As well as the celebrity angle, this was a more militarised super team, all grim faces and guns, many of those mentioned were armed to one extent or another. It’s fast paced, full of energy and new concept ideas. It’s not Citizen Kane, but it was different to what the big two comic companies were doing. Another difference was the flip book format. Issue 1 was split into a action packed tale of the away team in a thinly veiled Iraq analogue being invaded by the team and on the flip side was the home team gathering to face the returning threat of the Four. The away side is light on characterisation, but chock-full of action, but the home team story was the opposite, being more about the heroes being summoned from their lives and having little action.

So is it good?

Well it’s okay and that carried along for this first run of Youngblood comics. Full of energy, new characters and well not much else really. This was really good foundation that never really got fleshed out enough for there to be any longevity.

What happened after?

Well after the initial run petered out, there were several restarts in different creator owned imprints like Maximum and Awesome and little else, but the series came back a few years ago to Image comics and it was a really fun little series with a new generation of Youngblood characters trying to redeem the name and concept. If this IP made a proper comeback, or moved to a new medium, I think it could really have something to say about celebrity culture and accountability. Like many of Rob Liefeld’s ideas, it’s a great idea waiting to be fully realised.

That’s pretty much all I have at that point. I wonder what everyone else’s memories and thoughts about Youngblood are.

Next time: The man behind the 3,000,000 selling Spider-Man #1 takes us into the hell-born world of Spawn.

Posted in Comics n Stuff

My Life and Comics: The Secret Origin

I worked out recently that I have been a comic fan/collector for 2/3 of my life. More than any job, school or family relationship outside of my parents, it has been a constant. Whether this is a good, or in fact a bad thing, well that really isn’t the point. It is what it is.

When I was younger I lived in Yorkshire, I was born in Merseyside, but my earliest coherent memories were of Yorkshire. It was there when I started reading comics with Original X-Men 1, which I talked about here. There were other things I read of course, but they left an impression. This was bolstered by the glut of action/adventure cartoon shows that were on when I was younger, a veritable golden age of kids cartoons. Some of these featured characters I was familiar with. In fact my first exposure to Namor, Thor, the All New All Different X-Men and Doctor Strange were watching Spider-Man and his Amazing Friends, but I digress.

When we returned to our old haunts while I was still in primary school, I ended up living in a terraced house in the southern part of the city. I changed over that time from a quiet but cheerful primary school kid with several friends, to being alone in secondary school. Feeling isolated and socially awkward, I used comics as both an escape and to feel part of something. Whilst in secondary school I found two newsagents that sold American comics. One sold mostly DC and one sold mostly Marvel. I read Justice League stories, Spider-Man, West Coast Avengers, the occasional Green Lantern and the even more occasional Batman and more besides and more and more, I had found something I could pour all this attention and appreciation into. This was something no one else liked, I was a marginalised or niche interest and there was more than a little teasing and mockery whenever anyone else found out about it. But with a limited budget (more than once a 10p price increase cost me comics) and some accidental losses of comics I had, it was still only ever a side thing that I liked that no one else got. Although I had comics, I was still as I ever was alone.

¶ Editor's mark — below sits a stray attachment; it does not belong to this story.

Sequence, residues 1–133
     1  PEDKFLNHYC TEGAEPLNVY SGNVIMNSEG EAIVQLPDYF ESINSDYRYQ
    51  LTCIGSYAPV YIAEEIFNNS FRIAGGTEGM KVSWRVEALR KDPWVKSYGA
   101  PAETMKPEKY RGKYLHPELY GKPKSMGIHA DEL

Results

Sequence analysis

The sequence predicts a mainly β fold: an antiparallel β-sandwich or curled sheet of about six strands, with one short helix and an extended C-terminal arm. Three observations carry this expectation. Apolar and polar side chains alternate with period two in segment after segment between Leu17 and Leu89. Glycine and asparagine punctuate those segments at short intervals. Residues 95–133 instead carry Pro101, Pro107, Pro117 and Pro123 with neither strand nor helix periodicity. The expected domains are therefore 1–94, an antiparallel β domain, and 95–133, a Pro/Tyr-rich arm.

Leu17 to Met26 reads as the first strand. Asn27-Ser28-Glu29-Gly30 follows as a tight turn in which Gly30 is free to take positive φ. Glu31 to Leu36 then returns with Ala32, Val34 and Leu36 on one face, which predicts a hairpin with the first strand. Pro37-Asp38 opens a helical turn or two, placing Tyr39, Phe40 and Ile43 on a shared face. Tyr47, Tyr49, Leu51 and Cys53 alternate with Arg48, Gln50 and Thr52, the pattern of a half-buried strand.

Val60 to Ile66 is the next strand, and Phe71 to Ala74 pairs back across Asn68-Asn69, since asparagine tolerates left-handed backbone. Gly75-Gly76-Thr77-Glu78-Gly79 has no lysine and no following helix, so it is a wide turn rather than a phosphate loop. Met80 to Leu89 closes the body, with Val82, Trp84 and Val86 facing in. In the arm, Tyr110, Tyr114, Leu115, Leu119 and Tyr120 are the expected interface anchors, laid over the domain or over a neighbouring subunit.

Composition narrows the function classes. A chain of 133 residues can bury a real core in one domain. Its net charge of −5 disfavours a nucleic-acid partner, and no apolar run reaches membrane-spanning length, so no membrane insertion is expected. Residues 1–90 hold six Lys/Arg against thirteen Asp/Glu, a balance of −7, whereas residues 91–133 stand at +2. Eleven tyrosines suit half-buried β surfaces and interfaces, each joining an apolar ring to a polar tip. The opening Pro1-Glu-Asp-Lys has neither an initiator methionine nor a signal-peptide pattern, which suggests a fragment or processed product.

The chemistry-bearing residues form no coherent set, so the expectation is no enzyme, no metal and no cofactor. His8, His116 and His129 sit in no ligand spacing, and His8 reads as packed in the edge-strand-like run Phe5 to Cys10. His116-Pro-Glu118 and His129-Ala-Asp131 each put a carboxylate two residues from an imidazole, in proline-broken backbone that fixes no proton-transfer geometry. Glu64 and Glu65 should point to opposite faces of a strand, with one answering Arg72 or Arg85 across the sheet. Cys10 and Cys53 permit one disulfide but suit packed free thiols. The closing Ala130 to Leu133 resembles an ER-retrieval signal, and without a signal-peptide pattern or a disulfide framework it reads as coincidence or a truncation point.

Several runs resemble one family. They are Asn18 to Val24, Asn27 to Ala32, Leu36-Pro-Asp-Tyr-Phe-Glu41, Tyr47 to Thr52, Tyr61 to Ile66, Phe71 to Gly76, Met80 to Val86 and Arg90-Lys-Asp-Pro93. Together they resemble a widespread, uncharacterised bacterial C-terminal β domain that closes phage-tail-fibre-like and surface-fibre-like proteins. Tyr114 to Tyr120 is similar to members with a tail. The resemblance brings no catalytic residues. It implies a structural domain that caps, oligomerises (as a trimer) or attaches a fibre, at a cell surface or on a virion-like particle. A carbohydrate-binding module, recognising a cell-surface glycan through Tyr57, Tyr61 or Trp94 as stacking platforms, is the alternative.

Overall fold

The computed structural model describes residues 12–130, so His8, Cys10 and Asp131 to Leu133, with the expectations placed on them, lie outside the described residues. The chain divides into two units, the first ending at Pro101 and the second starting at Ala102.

But things were about to change.

It was 1991 when through some means I don’t recall, I learned of a comic mart in the city centre at the Blue Coat Chambers. It’s a weird feeling finding your tribe. It’s something I experienced again back in November 2019 when I was at the Thought Bubble convention. Here were comic fans, people who knew the world I had been spending (possibly too much) time in. It was looking on tables and through boxes that I found one of the many variant covers of X-Men vol 2 #1, still to this date, the highest selling single issue of all time. With 5 variant covers, 4 of which interlock, it’s not that surprising really is it? One of the vendors at the mart worked for a local comic shop known as World’s Apart and before I went home I visited there. I had issues 1-3 of vol 2 of X-Men and issue 17 of my beloved Guardians of the Galaxy. I had a LCS and I would spend most weekends of the next few years and more than a little of my pay, when I started working. X-Men vol 2 does have an interesting place in both comics history and my own history with comics. Other than it’s sales, it was the point that Chris Claremont, the man who made the X-Men left the book. (Okay a point of digression here, Chris Claremont in fact created very few of the X-Men characters, we need to look to others for that. But lets be honest, without him and the artists he worked with, no one would care who the X-Men were. So it’s fair to say that he made the X-Men what they are.) The Claremont era had come to an end, just as I arrived, yet the themes, characters and relationships that he started off would be some of the reasons that I was so invested in the property. Comics in general and the X-Men in particular would be a large part of my free time and disposable income for a long time to come.